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Nickelodeon All-Star Brawl Just Called Out Smash Bros.

The newest "Super Smash Bros." style fighting game has arrived in the form of "Nickelodeon All-Star Brawl," tossing some of the most iconic cartoon characters from the popular network into the ring against one another. While some critics said that "Nickelodeon All-Star Brawl" didn't do enough to differentiate itself from its most notable competitor, the developers recently called out "Super Smash Bros." by name in one way they intended to set their game apart.

"Nickelodeon All-Star Brawl" consists of the same familiar mechanics and fast-paced combat that gamers have come to know and love through the "Super Smash Bros." series. On the surface, the most significant difference between them is in the licensed characters that appear in the game, which are all derived from hugely popular Nickelodeon properties such as "Sponge Bob Squarepants" and "Teenage Mutant Ninja Turtles."

However, a lack of polish, such as the absence of voice acting for any of those iconic characters, led PushSquare to give the game a lukewarm review, even though it noted that "This is the best 'Super Smash Bros.' clone we have ever played." Kotaku observed, however, that hiding beneath that rough exterior is deep gameplay and a commitment from developers Ludosity to supports fans and competitive players in ways that "Super Smash Bros." did not.

Here is why the makers of "Nickelodeon All-Star Brawl" just took aim at "Super Smash Bros."

The developers of Nickelodeon All-Star Brawl promise to listen to gamers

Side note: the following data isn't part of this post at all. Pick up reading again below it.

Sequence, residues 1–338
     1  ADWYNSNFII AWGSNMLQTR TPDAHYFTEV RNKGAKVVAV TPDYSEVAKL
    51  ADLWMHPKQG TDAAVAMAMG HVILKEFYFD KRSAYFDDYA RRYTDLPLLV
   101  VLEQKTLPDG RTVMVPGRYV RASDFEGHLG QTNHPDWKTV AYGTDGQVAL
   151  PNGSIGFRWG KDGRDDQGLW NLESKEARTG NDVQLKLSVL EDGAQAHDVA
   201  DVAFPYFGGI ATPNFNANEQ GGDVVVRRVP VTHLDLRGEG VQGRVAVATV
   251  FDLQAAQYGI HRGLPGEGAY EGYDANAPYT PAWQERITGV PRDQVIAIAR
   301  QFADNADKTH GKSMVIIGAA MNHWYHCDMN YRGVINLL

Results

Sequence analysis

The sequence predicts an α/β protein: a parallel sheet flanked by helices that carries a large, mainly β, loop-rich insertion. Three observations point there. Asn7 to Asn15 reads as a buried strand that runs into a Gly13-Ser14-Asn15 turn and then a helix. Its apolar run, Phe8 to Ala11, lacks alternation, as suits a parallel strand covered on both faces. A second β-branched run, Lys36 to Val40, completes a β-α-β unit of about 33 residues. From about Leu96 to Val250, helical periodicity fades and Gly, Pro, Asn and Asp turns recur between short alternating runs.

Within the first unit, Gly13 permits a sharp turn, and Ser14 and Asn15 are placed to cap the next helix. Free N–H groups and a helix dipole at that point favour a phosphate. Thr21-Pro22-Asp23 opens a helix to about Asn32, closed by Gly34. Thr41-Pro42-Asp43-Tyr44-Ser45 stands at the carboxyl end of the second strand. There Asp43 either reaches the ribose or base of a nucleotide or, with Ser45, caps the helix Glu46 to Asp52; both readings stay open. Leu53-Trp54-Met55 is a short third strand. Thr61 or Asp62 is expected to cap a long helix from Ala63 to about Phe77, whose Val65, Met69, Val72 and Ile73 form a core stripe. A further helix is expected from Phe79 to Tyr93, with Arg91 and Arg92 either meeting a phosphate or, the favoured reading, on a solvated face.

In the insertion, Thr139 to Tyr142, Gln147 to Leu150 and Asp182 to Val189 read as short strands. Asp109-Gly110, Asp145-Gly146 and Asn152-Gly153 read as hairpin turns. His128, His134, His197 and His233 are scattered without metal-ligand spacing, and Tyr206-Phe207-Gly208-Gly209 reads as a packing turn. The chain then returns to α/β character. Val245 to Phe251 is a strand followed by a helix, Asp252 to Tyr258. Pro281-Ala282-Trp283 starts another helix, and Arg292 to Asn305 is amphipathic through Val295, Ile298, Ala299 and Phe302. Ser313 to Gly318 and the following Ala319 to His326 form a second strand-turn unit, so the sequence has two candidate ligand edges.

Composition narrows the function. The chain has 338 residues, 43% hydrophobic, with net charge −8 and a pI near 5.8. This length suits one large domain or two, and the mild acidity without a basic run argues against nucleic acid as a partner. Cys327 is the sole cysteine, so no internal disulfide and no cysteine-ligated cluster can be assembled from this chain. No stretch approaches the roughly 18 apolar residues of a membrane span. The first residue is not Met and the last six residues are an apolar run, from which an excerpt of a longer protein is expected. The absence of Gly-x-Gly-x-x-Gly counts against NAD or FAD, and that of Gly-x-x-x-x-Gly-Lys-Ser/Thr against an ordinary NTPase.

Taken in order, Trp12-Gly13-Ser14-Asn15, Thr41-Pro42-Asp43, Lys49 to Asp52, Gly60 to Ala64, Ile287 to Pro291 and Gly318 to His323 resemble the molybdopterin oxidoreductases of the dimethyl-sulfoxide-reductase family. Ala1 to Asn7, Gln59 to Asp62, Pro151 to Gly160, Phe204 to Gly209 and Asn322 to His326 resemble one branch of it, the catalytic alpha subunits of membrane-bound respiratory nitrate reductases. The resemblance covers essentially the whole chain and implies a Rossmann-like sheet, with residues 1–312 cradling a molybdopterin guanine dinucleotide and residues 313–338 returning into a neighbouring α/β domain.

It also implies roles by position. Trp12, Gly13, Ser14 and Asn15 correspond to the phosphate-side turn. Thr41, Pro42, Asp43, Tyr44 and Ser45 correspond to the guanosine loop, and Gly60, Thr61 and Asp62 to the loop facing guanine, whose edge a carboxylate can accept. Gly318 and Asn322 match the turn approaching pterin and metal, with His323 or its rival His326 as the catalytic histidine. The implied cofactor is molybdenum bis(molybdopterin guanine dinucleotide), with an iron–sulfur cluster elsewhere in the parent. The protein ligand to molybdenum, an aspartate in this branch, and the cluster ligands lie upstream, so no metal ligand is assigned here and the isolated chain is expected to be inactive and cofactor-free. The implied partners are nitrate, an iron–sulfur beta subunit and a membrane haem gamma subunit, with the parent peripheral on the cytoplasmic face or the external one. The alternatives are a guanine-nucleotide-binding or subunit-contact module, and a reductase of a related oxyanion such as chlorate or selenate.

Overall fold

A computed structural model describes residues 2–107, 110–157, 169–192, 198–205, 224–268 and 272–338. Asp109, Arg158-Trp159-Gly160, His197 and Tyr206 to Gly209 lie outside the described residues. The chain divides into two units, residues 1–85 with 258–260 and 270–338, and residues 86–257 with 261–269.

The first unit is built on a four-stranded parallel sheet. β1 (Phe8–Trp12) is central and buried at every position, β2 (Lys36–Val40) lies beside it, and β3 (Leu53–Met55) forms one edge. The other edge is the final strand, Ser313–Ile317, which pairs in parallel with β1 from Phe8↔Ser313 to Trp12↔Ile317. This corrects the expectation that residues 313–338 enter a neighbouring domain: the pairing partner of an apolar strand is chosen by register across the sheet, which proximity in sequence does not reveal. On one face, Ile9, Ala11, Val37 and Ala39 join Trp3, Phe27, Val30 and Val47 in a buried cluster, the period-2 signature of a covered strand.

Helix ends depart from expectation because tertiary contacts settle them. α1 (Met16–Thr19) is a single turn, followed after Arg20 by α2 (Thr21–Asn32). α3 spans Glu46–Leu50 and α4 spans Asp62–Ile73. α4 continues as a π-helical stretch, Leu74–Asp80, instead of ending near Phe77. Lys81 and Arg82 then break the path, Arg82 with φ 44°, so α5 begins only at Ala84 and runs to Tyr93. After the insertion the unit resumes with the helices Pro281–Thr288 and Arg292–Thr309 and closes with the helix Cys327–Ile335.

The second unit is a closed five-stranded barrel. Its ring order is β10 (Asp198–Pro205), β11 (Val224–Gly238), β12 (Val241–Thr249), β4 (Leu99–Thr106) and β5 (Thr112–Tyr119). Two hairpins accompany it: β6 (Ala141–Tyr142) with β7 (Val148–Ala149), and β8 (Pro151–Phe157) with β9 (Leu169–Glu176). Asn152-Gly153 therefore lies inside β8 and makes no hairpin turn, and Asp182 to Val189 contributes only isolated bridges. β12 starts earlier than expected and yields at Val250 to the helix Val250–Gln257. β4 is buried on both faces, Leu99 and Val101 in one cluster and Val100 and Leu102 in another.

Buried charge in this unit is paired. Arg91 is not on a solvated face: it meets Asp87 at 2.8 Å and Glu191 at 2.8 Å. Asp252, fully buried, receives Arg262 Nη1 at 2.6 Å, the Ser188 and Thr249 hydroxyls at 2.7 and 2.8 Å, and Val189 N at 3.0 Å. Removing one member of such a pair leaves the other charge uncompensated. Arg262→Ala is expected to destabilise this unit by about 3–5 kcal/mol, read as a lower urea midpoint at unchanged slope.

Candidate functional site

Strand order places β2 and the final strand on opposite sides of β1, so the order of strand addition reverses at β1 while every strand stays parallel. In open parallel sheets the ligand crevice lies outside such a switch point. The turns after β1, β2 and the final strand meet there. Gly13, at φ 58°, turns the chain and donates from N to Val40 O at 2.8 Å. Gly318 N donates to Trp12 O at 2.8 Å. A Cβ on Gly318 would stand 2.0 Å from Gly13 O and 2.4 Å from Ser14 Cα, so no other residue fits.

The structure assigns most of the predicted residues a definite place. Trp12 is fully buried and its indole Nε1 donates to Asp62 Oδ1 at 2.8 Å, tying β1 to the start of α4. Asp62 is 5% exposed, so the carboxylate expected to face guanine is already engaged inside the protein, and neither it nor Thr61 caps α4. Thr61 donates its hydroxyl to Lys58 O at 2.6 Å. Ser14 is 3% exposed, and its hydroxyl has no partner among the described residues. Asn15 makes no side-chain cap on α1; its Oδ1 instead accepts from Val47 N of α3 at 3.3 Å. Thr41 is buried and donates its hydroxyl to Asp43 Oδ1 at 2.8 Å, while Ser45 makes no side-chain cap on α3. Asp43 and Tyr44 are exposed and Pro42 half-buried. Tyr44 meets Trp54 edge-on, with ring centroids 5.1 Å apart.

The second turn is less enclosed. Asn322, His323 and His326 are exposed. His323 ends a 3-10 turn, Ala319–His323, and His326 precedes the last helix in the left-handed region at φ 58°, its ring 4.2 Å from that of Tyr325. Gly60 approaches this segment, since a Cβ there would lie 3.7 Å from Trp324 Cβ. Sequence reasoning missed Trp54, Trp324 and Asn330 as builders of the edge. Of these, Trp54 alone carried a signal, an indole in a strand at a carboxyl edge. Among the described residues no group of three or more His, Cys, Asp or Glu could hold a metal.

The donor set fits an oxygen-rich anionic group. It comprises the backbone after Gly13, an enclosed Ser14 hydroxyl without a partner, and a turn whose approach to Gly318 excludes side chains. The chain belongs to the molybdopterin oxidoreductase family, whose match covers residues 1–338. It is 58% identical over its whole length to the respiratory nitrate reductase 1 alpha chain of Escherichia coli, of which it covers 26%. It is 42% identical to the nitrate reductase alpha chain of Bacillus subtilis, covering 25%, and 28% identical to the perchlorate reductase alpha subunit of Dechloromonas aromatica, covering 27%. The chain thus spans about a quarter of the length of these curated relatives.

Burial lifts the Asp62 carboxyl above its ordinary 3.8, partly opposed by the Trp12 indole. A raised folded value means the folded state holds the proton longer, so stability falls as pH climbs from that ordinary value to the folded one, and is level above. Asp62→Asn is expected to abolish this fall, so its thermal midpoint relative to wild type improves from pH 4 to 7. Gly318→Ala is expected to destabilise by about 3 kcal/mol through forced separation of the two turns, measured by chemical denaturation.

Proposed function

In an interview with legendary "Super Smash Bros. Melee" player Hungrybox, two members of Ludosity explained how they intended their support of "Nickelodeon All-Star Brawl" to differ from Nintendo's treatment of "Super Smash Bros."

As recorded on Twitch, "Nickelodeon All-Star Brawl" programmer Markus Villalobos said, "I do want to say, though, that we are listening very, like, careful to what people are saying about the game." That lesson on prioritizing community feedback, Villalobos continued, came from watching Nintendo fail to do so. Villalobos explained, "We have, like, the perspective of both the developer [and] the gamer because we also play like, a lot of 'Smash' games in the past, and we know how it feels like to, like, not be listened to by the developer."

While it isn't fair to say that Nintendo hasn't supported fans, as it recently delivered the final "Super Smash Bros. Ultimate" DLC, wrapping up almost three years of post-release content, the videogame giant is often accused of failing to respond to specific suggestions. While this may be an annoyance for casual players, it can have real consequences at the competitive level, where game balance decisions can influence outcomes.

So while it seems that "Nickelodeon All-Star Brawl" may have gotten off to a rocky start, with the proper support from the developers, it could be able to become a serious option for top-tier "Super Smash Bros." players. Gamers will just have to wait and see how the game evolves now that it is in the wild.